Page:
Insider Trading Act of 1988


DEFINITION of 'Insider Trading Act of 1988'

An act enabled in 1988 to increase the liability penalties to all involved parties to insider trading. This act was established due to the increase in high profile insider trading cases, as well as the increase in monetary values of the trades. The act allows the SEC to order a penalty of up to three times the profit, and the guilty parties may serve significant jail time according to the extent of their crime.

BREAKING DOWN 'Insider Trading Act of 1988'

Insider trading occurs when members outside of the establishment are given information which is not available to the public as a whole, and use it to increase their wealth through buying/selling stock.

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  1. What exactly is insider trading?

    An "insider" is any person who possesses at least one of the following: 1) access to valuable non-public information about ... Read Full Answer >>
  2. What happens to the fines collected by the Securities and Exchange Commission?

    When the Securities and Exchange Commission (SEC) enforces a civil action against a corporation or an individual found guilty ... Read Full Answer >>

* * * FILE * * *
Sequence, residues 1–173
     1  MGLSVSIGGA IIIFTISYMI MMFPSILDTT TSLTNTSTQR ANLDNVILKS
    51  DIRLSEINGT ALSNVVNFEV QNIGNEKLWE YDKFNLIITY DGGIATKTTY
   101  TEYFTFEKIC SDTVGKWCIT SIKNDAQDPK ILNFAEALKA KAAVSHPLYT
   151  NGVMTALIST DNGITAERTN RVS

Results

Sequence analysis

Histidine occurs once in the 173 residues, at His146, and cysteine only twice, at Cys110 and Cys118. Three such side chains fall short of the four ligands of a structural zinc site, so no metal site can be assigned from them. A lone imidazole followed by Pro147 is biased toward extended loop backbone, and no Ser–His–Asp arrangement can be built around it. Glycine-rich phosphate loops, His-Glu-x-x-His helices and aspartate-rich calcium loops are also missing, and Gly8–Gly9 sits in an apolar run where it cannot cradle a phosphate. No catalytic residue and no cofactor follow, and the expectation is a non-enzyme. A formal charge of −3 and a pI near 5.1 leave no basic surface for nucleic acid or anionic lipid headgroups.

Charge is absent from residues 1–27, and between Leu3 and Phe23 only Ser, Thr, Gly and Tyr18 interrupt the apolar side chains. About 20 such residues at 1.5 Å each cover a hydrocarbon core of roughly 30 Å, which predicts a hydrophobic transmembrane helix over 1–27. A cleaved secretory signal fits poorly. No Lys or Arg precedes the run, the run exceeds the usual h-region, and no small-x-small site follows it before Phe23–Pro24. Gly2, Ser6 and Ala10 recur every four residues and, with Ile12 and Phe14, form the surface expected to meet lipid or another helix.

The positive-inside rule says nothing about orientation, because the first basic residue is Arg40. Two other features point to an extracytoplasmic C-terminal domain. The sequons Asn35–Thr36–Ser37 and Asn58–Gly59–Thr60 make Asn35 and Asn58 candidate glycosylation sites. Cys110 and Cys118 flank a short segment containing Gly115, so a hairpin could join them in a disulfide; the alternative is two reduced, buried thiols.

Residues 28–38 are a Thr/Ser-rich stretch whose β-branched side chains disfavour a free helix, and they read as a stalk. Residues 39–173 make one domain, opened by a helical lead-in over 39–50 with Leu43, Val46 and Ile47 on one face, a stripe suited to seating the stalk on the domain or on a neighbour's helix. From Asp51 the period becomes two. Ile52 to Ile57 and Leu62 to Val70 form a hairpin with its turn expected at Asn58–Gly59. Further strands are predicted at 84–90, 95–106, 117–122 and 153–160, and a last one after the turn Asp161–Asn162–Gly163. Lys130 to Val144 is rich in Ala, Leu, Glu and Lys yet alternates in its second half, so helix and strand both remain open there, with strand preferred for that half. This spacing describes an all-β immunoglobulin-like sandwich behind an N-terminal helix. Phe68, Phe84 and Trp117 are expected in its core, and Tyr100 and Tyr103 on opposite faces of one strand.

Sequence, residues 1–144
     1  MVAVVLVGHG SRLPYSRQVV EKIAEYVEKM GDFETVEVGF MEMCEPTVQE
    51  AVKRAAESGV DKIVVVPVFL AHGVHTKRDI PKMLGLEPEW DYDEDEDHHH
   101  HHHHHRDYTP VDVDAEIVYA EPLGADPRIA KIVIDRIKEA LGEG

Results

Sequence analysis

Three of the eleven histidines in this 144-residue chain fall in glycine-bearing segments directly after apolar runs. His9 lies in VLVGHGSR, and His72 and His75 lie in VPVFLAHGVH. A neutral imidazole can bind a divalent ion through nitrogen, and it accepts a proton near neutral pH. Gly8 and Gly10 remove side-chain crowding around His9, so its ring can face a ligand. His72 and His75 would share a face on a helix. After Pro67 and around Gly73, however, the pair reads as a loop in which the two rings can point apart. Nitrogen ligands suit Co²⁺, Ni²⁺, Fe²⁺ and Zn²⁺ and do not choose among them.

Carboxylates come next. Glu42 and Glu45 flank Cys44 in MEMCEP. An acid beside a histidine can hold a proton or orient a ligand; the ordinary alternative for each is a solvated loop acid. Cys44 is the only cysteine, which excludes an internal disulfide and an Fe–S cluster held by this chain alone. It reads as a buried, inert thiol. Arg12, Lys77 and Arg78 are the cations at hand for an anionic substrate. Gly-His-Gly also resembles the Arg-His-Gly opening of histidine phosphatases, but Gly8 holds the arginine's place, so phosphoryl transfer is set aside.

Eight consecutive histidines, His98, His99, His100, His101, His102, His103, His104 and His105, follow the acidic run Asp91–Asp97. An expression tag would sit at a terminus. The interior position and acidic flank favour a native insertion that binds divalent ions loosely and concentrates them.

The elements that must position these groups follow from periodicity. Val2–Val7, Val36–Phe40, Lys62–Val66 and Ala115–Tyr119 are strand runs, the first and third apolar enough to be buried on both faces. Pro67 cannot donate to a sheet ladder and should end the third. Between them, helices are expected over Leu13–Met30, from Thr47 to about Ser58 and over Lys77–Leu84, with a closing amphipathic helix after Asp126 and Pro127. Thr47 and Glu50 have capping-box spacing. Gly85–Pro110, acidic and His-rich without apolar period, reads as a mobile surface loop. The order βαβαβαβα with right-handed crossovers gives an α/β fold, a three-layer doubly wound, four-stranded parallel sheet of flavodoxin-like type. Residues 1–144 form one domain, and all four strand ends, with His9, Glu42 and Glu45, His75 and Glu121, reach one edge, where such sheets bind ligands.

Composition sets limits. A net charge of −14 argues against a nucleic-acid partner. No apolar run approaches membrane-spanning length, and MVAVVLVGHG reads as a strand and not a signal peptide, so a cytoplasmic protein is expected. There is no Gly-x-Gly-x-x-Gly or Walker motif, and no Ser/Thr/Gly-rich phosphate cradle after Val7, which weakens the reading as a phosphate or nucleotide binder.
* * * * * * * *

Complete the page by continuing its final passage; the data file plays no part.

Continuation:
3. Are UTMA accounts escheatable?

    Like most financial assets held by institutions such as banks and investment firms, UTMA accounts can be escheated by state ... Read Full Answer >>
  4. What is the SEC's escheatment process?

    The U.S. Securities and Exchange Commission (SEC) does not have its own escheatment process. Rather, the SEC notes that the ... Read Full Answer >>
  5. Can the IRS audit you after a refund?

    The U.S. Internal Revenue Service (IRS) can audit tax returns even after it has issued a tax refund to a taxpayer. According ... Read Full Answer >>
  6. How does escheatment impact a company?

    In recent years, state governments have become increasingly aggressive in enforcing escheatment laws. As a result, many businesses ... Read Full Answer >>

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